While acknowledging defendant's obligation to amend its interrogatory answer to reflect the newly discovered information, plaintiff asserts that the prior answer should be admissible at trial as an evidentiary admission of design and manufacture by Farrell. See Fed.R.Civ.P. 801(d) (2) (an admission of a party is not hearsay). Essentially, plaintiff's position is that even though the prior answer is clearly incorrect, it nonetheless establishes a jury issue on the question of manufacture. See Mangual v. Prudential Lines, Inc., 53 F.R.D. 301, 302-03 (E.D.Pa.1971) (the jury is entitled to consider both versions of the interrogatory answer and determine which is correct). See also 1 R. Givens, Manual of Federal Practice § 5.154 (3d ed. 1987) ("If the original answer was more favorable to the adversary [than the amended interrogatory answer], both versions could be offered as admissions under FRE 801(d) (2) (C), and the argument made more persuasive that the correction was an after-thought to avoid the effect of the original."). But see Ray v. J.C. Penney Co., 274 F.2d 519, 521 (10th Cir. 1959) (refusing to allow an earlier interrogatory answer as to the type of dye used in a pair of work gloves to stand because to do so "would have resulted in the perversion of the object of a trial which is, and always must be, to establish the truth.").

Although plaintiff is correct that defendant's initial interrogatory answer would constitute an evidentiary admission, the inquiry does not end there. Rule 33(b) governs the use of interrogatory answers at trial and provides that "[interrogatory] answers may be used [at trial] to the extent permitted by the rules of evidence." Fed. R.Civ.P. 33(b). And so before defendant's initial interrogatory answer may be used at trial, its proffer must overcome all possible evidentiary objections. Classifying the initial interrogatory answer under Rule 801 as an evidentiary admission only serves to avoid a possible hearsay objection. It does not prescribe all other possible objections.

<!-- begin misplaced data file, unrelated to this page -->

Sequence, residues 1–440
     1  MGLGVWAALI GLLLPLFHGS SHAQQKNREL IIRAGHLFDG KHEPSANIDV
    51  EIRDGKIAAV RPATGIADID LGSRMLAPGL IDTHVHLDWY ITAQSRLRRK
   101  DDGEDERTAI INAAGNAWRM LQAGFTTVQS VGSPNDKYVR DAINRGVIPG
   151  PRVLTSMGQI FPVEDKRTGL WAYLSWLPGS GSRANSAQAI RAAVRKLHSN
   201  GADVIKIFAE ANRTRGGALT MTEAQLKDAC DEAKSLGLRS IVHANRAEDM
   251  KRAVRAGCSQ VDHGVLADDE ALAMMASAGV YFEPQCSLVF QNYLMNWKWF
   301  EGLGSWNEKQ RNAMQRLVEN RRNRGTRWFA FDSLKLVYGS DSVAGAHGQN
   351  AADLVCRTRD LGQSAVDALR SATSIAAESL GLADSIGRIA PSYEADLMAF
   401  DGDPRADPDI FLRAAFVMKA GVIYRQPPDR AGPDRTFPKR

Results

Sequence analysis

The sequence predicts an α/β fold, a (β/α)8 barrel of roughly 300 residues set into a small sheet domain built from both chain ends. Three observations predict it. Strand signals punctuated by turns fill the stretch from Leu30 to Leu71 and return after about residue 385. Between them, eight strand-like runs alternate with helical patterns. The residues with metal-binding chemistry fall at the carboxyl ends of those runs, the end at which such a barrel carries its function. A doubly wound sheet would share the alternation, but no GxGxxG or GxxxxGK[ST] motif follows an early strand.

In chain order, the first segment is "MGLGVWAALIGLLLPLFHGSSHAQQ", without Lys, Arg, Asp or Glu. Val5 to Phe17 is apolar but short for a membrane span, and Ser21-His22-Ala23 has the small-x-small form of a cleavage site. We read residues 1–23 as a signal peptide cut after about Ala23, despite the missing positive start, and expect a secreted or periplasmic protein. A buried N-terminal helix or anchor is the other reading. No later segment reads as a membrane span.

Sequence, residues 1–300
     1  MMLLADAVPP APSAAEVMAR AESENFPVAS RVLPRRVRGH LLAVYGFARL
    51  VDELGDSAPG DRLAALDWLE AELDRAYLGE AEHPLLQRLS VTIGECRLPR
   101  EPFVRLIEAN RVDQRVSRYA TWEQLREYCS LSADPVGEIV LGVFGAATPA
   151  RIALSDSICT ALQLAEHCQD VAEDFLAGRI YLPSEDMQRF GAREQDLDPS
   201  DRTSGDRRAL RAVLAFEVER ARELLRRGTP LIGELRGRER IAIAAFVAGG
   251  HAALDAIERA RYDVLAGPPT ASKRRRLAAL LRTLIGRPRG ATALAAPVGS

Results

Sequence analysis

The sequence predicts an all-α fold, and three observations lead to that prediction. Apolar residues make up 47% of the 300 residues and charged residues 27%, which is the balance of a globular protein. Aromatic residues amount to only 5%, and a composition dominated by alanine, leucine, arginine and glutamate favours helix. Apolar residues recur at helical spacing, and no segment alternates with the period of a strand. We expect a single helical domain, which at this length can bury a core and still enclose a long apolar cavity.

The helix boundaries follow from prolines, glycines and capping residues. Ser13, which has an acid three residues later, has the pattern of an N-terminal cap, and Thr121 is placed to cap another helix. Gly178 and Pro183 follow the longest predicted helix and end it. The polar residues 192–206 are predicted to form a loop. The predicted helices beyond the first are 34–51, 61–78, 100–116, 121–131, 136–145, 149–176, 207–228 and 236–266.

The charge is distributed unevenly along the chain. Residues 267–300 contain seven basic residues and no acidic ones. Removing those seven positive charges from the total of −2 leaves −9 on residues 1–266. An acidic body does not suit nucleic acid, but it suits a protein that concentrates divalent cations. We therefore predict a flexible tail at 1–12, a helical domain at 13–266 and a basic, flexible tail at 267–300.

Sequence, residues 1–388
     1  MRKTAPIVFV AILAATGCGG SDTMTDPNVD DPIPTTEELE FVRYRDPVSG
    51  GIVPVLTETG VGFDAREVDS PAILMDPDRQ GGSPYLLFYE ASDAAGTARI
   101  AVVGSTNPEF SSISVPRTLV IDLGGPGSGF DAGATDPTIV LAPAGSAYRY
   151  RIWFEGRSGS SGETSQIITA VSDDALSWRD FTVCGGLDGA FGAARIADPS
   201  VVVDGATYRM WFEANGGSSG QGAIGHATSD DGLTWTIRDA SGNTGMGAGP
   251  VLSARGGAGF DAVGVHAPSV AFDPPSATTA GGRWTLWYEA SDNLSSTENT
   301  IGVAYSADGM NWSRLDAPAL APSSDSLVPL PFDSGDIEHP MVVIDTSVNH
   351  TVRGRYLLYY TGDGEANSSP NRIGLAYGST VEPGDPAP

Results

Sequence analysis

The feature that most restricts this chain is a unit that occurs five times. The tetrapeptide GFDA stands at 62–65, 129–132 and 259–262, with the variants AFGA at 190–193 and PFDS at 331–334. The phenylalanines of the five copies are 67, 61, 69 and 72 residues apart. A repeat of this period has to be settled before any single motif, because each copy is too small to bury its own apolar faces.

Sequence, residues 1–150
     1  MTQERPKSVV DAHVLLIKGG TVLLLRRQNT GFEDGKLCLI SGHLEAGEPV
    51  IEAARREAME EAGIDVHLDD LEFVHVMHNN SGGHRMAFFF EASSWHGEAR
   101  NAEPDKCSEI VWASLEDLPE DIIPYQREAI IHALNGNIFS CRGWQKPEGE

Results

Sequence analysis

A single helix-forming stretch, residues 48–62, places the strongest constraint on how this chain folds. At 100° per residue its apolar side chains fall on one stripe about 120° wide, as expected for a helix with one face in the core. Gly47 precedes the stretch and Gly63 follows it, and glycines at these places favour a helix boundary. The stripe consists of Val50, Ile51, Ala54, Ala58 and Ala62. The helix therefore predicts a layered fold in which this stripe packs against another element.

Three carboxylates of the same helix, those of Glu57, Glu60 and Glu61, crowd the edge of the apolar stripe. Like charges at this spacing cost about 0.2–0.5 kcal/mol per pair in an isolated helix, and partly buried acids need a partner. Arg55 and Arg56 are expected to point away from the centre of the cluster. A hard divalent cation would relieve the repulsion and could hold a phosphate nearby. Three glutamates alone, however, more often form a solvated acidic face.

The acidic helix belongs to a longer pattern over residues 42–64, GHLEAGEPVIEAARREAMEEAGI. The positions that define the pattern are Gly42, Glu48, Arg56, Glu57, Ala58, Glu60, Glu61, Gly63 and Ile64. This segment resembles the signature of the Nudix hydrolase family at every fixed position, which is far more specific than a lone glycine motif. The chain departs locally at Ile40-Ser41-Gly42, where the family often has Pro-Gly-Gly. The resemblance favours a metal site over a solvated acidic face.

Indeed, the advisory committee notes to Rule 33(b) underscore the fact that not all interrogatory answers may be used at trial. "The rule does not affect the power of a court to permit withdrawal or amendment of answers to interrogatories." Fed.R. Civ.P. 33(b), Advisory Committee Notes (1970) (emphasis added).

Reading the committee notes on Rule 33(b) in conjunction with Rule 26(e), this court holds that interrogatory answers subsequently amended may be stricken if the initial answer fails to satisfy all possible evidentiary objections. The next issue is whether Emhart's initial interrogatory answer is admissible under the Federal Rules of Evidence.


Before a document is admissible under the Federal Rules, it must be relevant, authentic, not hearsay and must satisfy the best evidence rule. Only the latter requirement presents a possible bar to the admissibility of the interrogatory in question.

Federal Rule of Evidence 1002 provides that "[t]o prove the content of a writing ... the original writing ... is required." Fed.R.Evid. 1002. A person may not testify, therefore, about the contents of a document if the document itself is available. In such circumstances, the document speaks for itself.

The interrogatory answer at issue in this case was based solely on a review of corporate records. As such, the answer is merely an opinion of the defendant as to the content of the underlying records, something that the best evidence rule prohibits.[3]*1152 Accordingly, defendant's motion to strike its original answers to plaintiff's interrogatories is allowed.[4]